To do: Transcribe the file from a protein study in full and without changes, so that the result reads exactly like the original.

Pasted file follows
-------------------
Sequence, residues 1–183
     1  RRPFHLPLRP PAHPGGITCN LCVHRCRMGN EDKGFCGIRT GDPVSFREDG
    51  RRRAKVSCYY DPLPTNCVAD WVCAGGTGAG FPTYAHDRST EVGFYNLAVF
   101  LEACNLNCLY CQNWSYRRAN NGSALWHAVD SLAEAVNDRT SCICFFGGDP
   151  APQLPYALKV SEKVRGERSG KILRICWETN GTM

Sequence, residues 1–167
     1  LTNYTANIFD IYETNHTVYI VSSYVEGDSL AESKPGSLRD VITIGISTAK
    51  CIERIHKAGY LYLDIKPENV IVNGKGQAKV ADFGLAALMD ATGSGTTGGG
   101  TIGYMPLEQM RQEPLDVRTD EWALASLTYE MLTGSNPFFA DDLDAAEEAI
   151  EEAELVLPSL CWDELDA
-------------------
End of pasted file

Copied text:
Sequence, residues 1–183
     1  RRPFHLPLRP PAHPGGITCN LCVHRCRMGN EDKGFCGIRT GDPVSFREDG
    51  RRRAKVSCYY DPLPTNCVAD WVCAGGTGAG FPTYAHDRST EVGFYNLAVF
   101  LEACNLNCLY CQNWSYRRAN NGSALWHAVD SLAEAVNDRT SCICFFGGDP
   151  APQLPYALKV SEKVRGERSG KILRICWETN GTM

Sequence, residues 1–167
     1  LTNYTANIFD IYETNHTVYI VSSYVEGDSL AESKPGSLRD VITIGISTAK
    51  CIERIHKAGY LYLDIKPENV IVNGKGQAKV ADFGLAALMD ATGSGTTGGG
   101  TIGYMPLEQM RQEPLDVRTD EWALASLTYE MLTGSNPFFA DDLDAAEEAI
   151  EEAELVLPSL CWDELDA